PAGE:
CBT Anxiety & Avoidance

CBT for Anxiety & Avoidance

Frequent feelings of anxiety are challenging emotions to live with. These feelings can lead to significant impairment in one's quality of life and are one of the most common problems that lead a person to seek help.

Cognitive Behavioral Treatment of anxiety understands anxiety as a problem of vulnerability and helplessness. An anxious person feels vulnerable to risk and helpless to do anything about it. As long as they continue to believe they are vulnerable to risk and helpless to do anything about it they will continue to feel anxious. 

A person struggling with anxiety tends to have two themes in their patterns of thinking:  
  1. An overestimation of the risk of something bad happening; and  
  2. An underestimation of ability to cope with something bad happening 
The combination of these two patterns of thought lead to an increase in the emotion of anxiety and possibly physiological sensations. Read more about the basic components of Cognitive Behavioral Therapy
The goal of the anxious person is usually to find a way to quickly reduce their anxiety. This leads to the development of two patterns of behavior: 
  1.  Avoidance Behaviors: Avoidance of any situation that may trigger anxious thoughts and feelings (for example, avoidance of bridges).  
  2. Safety Behaviors: Safeguards that a person puts in place that they come to believe protect them from anxious thoughts and feelings (for example, only being willing to go over a bridge if they are holding their breath). 
These avoidance and safety behaviors tend to reduce the anxiety in the short term but hold no benefit in the long-term. In fact, using avoidance or safety behaviors typically maintain the anxiety and make it less likely that there will be a reduction in the anxiety. This is because when you 'act' as if your anxious thoughts are true you are more likely to continue to think them and believe they are true.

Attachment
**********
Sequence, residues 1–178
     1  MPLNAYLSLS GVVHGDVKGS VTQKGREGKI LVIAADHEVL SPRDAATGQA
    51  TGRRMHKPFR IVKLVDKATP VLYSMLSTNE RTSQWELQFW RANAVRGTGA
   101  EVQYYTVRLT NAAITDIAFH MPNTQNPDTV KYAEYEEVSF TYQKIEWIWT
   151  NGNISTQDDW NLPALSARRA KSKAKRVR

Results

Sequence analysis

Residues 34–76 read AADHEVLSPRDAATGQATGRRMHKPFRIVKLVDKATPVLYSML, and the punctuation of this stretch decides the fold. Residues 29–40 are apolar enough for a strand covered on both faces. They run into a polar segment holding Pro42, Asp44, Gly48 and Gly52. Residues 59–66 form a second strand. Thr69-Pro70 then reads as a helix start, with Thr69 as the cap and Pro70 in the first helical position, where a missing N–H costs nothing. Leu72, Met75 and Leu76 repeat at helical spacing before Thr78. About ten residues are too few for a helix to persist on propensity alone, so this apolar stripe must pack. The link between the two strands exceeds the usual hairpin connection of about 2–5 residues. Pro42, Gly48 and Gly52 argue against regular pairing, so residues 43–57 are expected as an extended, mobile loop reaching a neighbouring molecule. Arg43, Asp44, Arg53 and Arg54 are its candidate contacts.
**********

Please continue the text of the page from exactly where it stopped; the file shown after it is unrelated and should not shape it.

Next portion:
CBT treatment for anxiety involves two general phases: 
  1. Cognitive Restructuring: Learn how to identify anxious thoughts and examine their accuracy and helpfulness. You will gain insight into the way you think and may explore deeper, underlying patterns of thought that were developed throughout your life. Your therapist will guide you to learn the skills of what to do when you notice an anxious thought popping in your mind. This phase in treatment can reduce intensity of anxiety and make it easier to move on to the next phase in treatment.  
  2. Exposure Therapy: Using cognitive restructuring skills, you will make a concrete, hierarchical plan to face the fears you have by eliminating avoidance and safety behaviors. For example, if you have a fear of cats you may work with your therapist to develop a plan that involves you looking at pictures of cats, watching videos of cats, looking at cats through a glass partition and eventually petting a cat. Your therapist will collaborate with you and move at a pace that you are in agreement with. Exposure therapy strategies have some of the highest measures of success in all therapeutic approaches.  
These two phases of treatment are both geared towards shifting overestimation of risk and underestimation of ability to cope. Once a person has a more accurate assessment of risk and ability to cope their anxiety tends to improve. 

Common Anxiety Disorders Include:
  • Panic Disorder – Having panic attacks and fears about the possibility of having a panic attack. 
  • Agoraphobia – Fear of being in public places where it would be hard or embarrassing to leave - this often results in not wanting to leave home.
  • Generalized Anxiety – More general worries that tend to me situationally based.  
  • Separation Anxiety – Fears related to being away from loved ones.  
  • Social Phobia - Fears related to what other people may think of you.  
  • Specific Phobias – Fears of something specific such as heights, dogs, or bugs.  
  • Adjustment Disorders – Anxiety created by life changes that become difficult to adapt to.  
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